America's supply chain and its dependence other countries for medicine and other essentials was part of the problem the U.S. faces during the coronavirus pandemic, White House trade adviser Peter Navarro said Saturday night.
"Our supply chains for medicines, medical supplies and medical equipment, it's spread out all over the world," Navarro told Fox News host Jeanine Pirro on "Justice with Judge Jeanine."
"And that works fine when there's no problem and you don't need [the imported items]," he added. "But check this out: We buy about $120 billion of medicines every year from the rest of the world. About 95 percent of them come in from about 20 countries.
"Guess what, Judge?" he said. "Ten of those countries have already imposed some forms of export restrictions on things that we actually need."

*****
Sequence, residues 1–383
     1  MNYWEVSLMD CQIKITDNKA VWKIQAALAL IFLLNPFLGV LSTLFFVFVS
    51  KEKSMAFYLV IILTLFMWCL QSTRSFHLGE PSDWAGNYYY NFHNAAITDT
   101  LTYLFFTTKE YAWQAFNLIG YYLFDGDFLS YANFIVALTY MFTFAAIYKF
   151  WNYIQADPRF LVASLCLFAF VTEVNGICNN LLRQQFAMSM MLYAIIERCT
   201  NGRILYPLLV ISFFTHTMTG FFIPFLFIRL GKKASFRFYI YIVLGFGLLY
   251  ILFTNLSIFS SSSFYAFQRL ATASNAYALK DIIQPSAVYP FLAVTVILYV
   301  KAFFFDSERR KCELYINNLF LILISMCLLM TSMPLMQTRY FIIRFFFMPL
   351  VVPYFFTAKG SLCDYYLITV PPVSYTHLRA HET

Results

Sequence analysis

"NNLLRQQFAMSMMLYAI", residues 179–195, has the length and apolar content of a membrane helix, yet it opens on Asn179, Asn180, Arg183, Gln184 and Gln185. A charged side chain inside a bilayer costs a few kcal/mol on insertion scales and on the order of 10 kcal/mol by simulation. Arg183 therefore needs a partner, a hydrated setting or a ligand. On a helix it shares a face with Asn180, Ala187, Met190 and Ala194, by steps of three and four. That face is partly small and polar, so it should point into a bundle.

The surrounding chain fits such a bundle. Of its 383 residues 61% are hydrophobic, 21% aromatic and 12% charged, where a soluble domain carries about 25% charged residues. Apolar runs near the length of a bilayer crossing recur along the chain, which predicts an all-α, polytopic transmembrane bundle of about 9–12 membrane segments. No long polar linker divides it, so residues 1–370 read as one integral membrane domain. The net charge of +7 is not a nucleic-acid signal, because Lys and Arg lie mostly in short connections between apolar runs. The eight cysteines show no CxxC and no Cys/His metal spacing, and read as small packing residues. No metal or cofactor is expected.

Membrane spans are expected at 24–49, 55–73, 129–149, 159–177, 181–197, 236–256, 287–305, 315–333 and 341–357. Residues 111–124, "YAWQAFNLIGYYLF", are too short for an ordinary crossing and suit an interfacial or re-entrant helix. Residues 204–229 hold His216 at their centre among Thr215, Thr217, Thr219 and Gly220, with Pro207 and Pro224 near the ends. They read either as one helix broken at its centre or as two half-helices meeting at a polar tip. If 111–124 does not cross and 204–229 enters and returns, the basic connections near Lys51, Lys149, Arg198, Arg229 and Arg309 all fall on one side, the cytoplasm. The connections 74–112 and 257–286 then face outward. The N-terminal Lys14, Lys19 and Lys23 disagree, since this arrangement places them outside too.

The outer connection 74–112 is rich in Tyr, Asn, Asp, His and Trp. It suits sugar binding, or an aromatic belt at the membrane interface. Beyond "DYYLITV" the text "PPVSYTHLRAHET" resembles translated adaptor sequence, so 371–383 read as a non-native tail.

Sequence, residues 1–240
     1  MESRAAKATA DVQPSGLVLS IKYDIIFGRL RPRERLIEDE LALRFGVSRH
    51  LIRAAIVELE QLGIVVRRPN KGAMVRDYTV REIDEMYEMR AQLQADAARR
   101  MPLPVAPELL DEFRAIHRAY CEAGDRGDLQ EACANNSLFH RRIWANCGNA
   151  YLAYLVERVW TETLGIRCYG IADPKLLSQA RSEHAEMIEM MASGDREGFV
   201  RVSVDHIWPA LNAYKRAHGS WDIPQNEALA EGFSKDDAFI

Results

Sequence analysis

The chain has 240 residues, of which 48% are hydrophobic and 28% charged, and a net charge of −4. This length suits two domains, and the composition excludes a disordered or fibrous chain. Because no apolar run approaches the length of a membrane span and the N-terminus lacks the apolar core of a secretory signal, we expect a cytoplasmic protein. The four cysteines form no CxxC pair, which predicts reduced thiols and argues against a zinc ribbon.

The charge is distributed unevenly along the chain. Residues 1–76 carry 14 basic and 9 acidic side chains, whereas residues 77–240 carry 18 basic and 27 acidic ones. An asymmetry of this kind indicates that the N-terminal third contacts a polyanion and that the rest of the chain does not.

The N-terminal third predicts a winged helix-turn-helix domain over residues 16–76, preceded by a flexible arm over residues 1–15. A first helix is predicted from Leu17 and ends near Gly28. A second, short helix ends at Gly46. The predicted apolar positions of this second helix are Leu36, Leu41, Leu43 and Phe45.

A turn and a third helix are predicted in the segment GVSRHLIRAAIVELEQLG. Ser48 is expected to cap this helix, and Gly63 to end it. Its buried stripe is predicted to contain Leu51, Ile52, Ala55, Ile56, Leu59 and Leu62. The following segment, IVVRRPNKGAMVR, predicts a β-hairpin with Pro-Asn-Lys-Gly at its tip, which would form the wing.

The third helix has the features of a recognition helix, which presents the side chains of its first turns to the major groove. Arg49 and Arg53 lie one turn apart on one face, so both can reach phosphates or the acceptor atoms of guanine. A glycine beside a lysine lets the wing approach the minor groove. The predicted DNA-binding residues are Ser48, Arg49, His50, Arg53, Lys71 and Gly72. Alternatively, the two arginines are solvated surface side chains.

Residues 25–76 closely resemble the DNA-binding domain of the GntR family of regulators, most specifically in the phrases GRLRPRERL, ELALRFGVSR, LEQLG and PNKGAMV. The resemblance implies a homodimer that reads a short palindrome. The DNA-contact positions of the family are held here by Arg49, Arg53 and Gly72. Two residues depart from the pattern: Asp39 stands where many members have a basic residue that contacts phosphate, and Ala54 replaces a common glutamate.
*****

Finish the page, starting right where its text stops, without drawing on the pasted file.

Pirro asked Navarro to list which items the U.S. needed most.
"Personal protective equipment," he responded. "That's the front line for health care workers in order to take take this virus on," Navarro said.
"And know what we have, Jeanine, is the full force, the federal government, the full power of private enterprise and the full cooperation of the American people as they practice their social distancing and do what needs to be done to fight the virus in their way."
Navarro told Pirro the situation has "cost us lives" before saying he hoped the country would learn from what has transpired after the coronavius outbreak is over.
"It's a situation where we found ourselves in many of our sectors in the economy, where we've off-shored our jobs, machine tools, electronics, steel, whatever it is. That costs us jobs. In this case, it costs us lives," Navarro said. "And so one of the lessons I hope we learn after this is over is to bring those jobs home here to America so that we can make the medicines, make the face masks and have what we need here."